Such organisations have described Jews as the “enemies of Allah” or compared them to pigs and apes.
A mosque leader in south London, Muhammad Abdullah Shakir, has been accused of inciting hatred against Jewish people during a sermon concerning the Israel-Hamas conflict in Gaza.
In war, truth is the first casualty, as the old adage goes. Sarah Sultana, a Muslim politician and a Labour MP, had her post on X, formerly Twitter, about a Gaza hospital ‘fact-checked’. The MP for Coventry South blamed an explosion at the Al-Ahli hospital, where hundreds of people are thought to have perished, on an Israeli airstrike.
However, reports have subsequently claimed that Israel was not responsible, and the likely cause was a missile launched within Gaza itself. Yet Sultana has not deleted the post from X.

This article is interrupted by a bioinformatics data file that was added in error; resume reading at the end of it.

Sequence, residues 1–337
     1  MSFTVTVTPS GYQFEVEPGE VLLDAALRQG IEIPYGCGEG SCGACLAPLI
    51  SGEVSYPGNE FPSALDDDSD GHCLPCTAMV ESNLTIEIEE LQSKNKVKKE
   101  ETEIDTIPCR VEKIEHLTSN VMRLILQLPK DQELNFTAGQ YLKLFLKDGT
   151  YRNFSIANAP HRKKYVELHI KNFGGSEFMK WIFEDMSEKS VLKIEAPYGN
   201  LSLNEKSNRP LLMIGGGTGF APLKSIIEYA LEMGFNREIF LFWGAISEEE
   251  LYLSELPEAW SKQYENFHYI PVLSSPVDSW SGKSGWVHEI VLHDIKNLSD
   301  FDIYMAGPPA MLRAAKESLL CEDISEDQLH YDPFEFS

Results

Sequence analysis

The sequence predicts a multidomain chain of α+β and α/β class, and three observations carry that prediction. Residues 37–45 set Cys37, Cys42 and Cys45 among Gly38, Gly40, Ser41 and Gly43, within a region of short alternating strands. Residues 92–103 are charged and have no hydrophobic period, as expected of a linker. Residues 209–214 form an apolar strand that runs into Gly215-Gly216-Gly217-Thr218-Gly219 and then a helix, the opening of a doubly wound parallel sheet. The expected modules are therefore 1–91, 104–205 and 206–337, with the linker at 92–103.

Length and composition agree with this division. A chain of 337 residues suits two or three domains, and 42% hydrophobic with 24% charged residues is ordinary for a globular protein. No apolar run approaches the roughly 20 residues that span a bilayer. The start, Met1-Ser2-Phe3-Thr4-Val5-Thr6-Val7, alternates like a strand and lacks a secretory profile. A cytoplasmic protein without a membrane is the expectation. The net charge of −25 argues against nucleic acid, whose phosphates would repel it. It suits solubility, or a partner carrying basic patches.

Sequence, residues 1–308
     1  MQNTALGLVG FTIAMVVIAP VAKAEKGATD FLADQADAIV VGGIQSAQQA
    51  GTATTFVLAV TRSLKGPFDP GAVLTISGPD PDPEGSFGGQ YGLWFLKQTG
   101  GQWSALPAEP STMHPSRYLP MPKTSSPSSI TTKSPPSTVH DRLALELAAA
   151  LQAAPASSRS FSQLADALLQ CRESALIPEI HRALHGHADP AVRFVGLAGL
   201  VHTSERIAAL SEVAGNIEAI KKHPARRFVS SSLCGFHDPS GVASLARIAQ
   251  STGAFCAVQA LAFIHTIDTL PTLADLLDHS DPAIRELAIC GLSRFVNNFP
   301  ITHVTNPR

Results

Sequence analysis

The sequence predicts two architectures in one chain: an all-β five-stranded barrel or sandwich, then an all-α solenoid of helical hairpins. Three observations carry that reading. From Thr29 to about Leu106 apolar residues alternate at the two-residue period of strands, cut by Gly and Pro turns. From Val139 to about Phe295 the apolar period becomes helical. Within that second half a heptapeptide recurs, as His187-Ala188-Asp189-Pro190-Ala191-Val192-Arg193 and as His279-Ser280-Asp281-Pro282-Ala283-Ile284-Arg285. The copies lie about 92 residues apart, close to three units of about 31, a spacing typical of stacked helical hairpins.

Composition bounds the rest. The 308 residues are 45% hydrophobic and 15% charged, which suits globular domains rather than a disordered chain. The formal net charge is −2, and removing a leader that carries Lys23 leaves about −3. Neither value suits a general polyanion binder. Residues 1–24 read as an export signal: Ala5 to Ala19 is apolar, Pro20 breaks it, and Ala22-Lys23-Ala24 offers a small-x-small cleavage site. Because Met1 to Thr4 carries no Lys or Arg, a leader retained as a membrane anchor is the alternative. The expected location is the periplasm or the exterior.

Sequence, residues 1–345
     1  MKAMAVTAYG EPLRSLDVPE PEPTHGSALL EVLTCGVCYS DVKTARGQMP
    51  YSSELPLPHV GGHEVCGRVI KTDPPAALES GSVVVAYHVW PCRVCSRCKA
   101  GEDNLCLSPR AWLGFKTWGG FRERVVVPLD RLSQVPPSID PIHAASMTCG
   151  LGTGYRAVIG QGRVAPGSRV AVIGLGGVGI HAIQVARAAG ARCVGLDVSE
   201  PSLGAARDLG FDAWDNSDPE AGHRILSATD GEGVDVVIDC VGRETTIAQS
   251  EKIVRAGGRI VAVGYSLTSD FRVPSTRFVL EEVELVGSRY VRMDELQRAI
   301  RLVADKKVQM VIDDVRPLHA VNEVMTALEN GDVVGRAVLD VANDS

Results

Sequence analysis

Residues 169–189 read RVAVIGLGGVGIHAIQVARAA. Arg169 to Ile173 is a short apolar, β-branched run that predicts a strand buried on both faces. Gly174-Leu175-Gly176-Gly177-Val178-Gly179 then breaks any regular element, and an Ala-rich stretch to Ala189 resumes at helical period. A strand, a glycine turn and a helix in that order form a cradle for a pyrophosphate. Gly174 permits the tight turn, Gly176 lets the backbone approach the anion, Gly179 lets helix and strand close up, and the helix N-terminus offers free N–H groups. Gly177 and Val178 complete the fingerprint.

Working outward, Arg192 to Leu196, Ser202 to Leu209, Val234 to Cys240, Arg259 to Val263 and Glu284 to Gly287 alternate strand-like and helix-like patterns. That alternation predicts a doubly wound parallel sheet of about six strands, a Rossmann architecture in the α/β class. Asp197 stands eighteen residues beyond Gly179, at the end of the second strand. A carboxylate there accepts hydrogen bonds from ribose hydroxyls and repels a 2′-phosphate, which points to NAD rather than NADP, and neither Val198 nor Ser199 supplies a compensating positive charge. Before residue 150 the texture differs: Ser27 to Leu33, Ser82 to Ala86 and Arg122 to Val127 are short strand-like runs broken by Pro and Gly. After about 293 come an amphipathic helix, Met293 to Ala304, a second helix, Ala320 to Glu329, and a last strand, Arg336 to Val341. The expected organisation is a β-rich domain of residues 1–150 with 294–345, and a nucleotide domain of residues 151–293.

After all, it’s so easy to blame Israel for any wrongdoings, but few Palestinian sympathisers are as quick to condemn their own side.
Sadly, this is all-too indicative of how British Muslim politicians, organisations and religious scholars have collectively failed to address this deep-rooted Jewish hatred within sections of their communities.
Of course, it is perfectly reasonable to criticise any government or state, providing it is constructive. But it should not be used as a weapon to incite hatred towards other people.
We live in a free and democratic society. Bigotry against people of faith and no faith should never be acceptable in Britain.
However, the truth is that right now, at such a sensitive time, there has been an overwhelming lack of support and solidarity from the larger society for British Jews, who are living under the shadow of fear.
Our government must send out an explicit message that whatever happens in Israel and Palestine, nothing excuses bigoted and criminal behaviour in the UK.
Khadija Khan is a journalist and commentator based in London. You can follow her on Twitter.